Adverb (Adverbial) Clause Definition and Examples

Glossary of Grammatical and Rhetorical Terms

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In English grammar, an adverb clause is a dependent clause that functions as an adverb within a sentence by indicating time, place, condition, contrast, concession, reason, purpose, or result. This is also known as an adverbial clause.

An adverb clause begins with a subordinating conjunction such as if, when, because, or although and usually includes a subject and predicate.

The Function of Adverbial Clauses

Like adverbs, adverbial clauses indicate time, place, condition, contrast, etc. Unlike adverbs, adverbial clauses modify whole clauses rather than just a verb. Jim Miller explains this in more detail in the excerpt from An Introduction to English Syntax below.

"The name 'adverbial' suggests that adverbial clauses modify verbs but they modify whole clauses, as shown by the examples [below]. Their other key property is that they are adjuncts, since they are typically optional constituents in sentences. They are traditionally classified according to their meaning—for example, adverbial clauses of reason, time, concession, manner or condition, as illustrated below.
a. Reason
Because Marianne loved Willoughby, she refused to believe that he had deserted her.
b. Time
When Fanny returned, she found Tom Bertram very ill.
c. Concession
Although Mr Darcy disliked Mrs Bennet, he married Elizabeth.
d. Manner
Henry changed his plans as the mood took him.
e. Condition
If Emma had left Hartfield, Mr Woodhouse would have been unhappy," (Miller 2002).

Adverbial Clause Examples

Adverbial clauses are easy to spot when you're looking for them. Read the following quotes and excerpts for more examples of adverbial clauses.

  • "This is the West, sir. When the legend becomes fact, print the legend," (Young, The Man Who Shot Liberty Valance).
  • "All human beings should try to learn before they die what they are running from, and to, and why." -attributed to James Thurber
  • "If Wilbur is killed and his trough stands empty day after day, you'll grow so thin we can look right through your stomach and see objects on the other side," (White 1952).
  • "Although the world is full of suffering, it is full also of the overcoming of it," (Keller 1903).
  • "The greatest thrill in the world is to end the game with a home run and watch everybody else walk off the field while you're running the bases on air." -Al Rosen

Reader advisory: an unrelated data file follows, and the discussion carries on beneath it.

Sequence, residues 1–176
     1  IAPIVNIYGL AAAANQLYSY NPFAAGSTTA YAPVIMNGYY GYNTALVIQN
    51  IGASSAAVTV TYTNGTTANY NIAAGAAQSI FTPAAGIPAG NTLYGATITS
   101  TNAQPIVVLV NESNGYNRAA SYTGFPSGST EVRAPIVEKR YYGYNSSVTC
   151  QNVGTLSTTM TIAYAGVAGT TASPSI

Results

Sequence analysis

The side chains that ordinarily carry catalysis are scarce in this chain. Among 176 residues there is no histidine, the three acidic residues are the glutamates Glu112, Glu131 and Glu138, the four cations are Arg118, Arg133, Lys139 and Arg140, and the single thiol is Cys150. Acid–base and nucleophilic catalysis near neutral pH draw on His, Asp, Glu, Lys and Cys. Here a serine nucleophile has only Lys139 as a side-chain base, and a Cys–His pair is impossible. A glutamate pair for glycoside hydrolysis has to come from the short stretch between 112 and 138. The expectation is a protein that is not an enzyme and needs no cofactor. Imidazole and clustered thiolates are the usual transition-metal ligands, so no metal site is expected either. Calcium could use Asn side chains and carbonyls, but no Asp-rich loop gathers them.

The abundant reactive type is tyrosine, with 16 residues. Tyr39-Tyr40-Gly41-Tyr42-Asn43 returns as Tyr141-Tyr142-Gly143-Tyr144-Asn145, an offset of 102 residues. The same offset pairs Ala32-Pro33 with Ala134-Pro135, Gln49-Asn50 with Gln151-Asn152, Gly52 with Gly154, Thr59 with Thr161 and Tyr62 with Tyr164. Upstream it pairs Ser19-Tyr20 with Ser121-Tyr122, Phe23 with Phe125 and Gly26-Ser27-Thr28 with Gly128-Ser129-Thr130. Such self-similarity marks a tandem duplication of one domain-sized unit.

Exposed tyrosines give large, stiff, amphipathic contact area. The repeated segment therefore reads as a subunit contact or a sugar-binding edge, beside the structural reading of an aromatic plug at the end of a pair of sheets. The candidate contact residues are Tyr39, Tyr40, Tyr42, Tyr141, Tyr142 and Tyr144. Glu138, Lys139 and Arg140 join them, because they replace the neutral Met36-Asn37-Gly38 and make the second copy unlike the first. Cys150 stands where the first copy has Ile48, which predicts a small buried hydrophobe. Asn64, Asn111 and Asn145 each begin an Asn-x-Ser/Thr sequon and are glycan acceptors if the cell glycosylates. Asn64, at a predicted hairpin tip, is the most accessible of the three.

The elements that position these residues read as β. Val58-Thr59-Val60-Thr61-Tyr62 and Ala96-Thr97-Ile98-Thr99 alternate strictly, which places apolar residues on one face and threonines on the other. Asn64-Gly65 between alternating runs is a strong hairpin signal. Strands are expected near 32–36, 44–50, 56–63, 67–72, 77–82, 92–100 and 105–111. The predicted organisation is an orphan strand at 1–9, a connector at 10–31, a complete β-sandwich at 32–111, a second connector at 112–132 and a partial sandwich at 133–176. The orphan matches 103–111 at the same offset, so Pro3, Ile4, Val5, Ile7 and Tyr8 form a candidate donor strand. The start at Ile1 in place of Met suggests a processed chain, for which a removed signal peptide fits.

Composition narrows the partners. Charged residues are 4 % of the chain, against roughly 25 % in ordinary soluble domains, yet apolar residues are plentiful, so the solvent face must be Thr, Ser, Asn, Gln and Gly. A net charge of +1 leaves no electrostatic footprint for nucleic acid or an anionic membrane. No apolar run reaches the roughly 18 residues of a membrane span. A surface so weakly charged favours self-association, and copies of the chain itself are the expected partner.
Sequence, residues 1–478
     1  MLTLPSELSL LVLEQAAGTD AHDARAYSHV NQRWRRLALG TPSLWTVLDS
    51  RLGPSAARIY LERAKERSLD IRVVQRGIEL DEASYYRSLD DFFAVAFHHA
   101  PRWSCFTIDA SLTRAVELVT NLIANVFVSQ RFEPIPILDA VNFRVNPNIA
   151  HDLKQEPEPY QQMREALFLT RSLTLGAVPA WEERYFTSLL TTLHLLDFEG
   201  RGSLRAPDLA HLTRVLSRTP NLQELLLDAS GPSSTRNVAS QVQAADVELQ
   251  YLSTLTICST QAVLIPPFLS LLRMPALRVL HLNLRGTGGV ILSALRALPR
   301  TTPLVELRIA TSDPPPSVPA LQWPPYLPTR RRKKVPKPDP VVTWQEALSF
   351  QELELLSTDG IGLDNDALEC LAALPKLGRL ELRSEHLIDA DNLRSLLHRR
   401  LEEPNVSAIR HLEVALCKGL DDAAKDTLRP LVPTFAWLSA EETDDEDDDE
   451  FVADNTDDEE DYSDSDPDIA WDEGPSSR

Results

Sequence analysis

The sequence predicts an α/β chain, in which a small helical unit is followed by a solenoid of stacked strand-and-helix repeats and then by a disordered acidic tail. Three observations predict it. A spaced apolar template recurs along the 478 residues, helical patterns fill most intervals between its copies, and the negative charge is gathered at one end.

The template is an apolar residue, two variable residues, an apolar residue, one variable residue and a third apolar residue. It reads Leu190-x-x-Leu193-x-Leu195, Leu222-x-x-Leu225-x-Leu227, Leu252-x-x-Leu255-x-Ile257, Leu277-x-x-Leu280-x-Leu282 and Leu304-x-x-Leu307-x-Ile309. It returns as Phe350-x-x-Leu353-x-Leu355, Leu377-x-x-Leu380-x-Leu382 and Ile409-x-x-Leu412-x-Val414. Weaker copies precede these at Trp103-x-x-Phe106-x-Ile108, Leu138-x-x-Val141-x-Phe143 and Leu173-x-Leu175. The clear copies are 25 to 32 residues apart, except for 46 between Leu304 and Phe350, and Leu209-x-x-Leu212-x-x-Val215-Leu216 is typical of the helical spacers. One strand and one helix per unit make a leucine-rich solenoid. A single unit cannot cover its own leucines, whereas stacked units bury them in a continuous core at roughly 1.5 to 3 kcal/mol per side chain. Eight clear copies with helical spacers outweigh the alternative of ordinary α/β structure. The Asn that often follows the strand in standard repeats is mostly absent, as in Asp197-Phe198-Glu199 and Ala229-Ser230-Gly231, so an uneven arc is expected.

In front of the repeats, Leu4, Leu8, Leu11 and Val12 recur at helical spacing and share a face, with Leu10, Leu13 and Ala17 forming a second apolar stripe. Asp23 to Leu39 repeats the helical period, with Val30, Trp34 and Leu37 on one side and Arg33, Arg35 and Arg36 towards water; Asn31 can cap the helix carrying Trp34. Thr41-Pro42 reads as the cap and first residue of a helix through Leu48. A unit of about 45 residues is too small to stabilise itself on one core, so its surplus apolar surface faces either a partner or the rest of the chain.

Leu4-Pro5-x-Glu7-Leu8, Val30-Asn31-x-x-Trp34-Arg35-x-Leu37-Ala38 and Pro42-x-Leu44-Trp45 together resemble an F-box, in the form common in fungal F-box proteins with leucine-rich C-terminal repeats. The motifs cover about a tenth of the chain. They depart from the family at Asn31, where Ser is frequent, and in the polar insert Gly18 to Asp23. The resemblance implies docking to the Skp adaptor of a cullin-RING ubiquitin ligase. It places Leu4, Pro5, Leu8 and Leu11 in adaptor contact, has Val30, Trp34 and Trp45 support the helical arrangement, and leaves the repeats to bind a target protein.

• "Again at eight o’clock, when the dark lanes of the Forties were five deep with throbbing taxi cabs, bound for the theatre district, I felt a sinking in my heart. Forms leaned together in the taxis as they waited, and voices sang, and there was laughter from unheard jokes, and lighted cigarettes outlined unintelligible gestures inside," (Fitzgerald 1925).
  • "The swift December dusk had come tumbling clownishly after its dull day, and, as he stared through the dull square of the window of the schoolroom, he felt his belly crave for its food," (Joyce 1916).
  • "Though we thumped, wept, and chanted 'We want Ted' for minutes after he hid in the dugout, he did not come back," (Updike 1977).
  • "As I ate the oysters with their strong taste of the sea and their faint metallic taste that the cold white wine washed away, leaving only the sea taste and the succulent texture, and as I drank their cold liquid from each shell and washed it down with the crisp taste of the wine, I lost the empty feeling and began to be happy and to make plans," (Hemingway 1964).
  • "When I was coming up, I practiced all the time because I thought if I didn't I couldn't do my best." -attributed to Herbie Hancock
  • "And when the broken hearted people
    Living in the world agree
    ,
    There will be an answer, let it be.
    For though they may be parted there is
    Still a chance that they will see
    There will be an answer, let it be," (Lennon and McCartney, 1970).
  • "According to legend, when Lady Godiva pleaded with her husband, the Earl of Mercia, to cancel a burdensome tax he had levied against his subjects, he agreed to do so only if she rode naked through the city," (Hargan 2001).
  • "Experience is what you get when you didn't get what you wanted," (Zaslow and Pausch 2008).
  • "I drank some boiling water because I wanted to whistle." -Mitch Hedberg
  • "I generally avoid temptation unless I can't resist it," (West, My Little Chickadee).
  • "If I ever opened a trampoline store, I don't think I'd call it Trampo-Land, because you might think it was a store for tramps, which is not the impression we are trying to convey with our store," (Handey 1992).

Sources

  • Fitzgerald, F. Scott. . The Great GatsbyCharles Scribner's Sons, 1925.
  • Handey, Jack. Deep Thoughts. Penguin Publishing Group, 1992.
  • Hargan, Jim. "The City of Lady Godiva." British Heritage, Jan. 2001.
  • Hemingway, Ernest. A Moveable Feast. Charles Scribner's Sons, 1964.
  • Joyce, James. A Portrait of the Artist as a Young Man. B.W. Huebsch, 1916.
  • Keller, Helen. Optimism: An Essay. T.Y. Crowell, 1903.
  • Lennon, John, and Paul McCartney. “Let It Be.” Let It Be, George Martin, 1970, 6.
  • Miller, Jim. An Introduction to English Syntax. 2nd ed., Edinburgh University Press, 2002.
  • My Little Chickadee. Dir. Edward Cline. Universal Pictures, 1940.
  • The Man Who Shot Liberty Valance. Dir. John Ford. Paramount Pictures, 1962.
  • Updike, John. Hub Fans Bid Kid Adieu. Lord John Press, 1977.
  • White, E.B. Charlotte's Web. Harper & Brothers, 1952.
  • Zaslow, Jeffrey, and Randy Pausch. The Last Lecture. Hachette Books, 2008.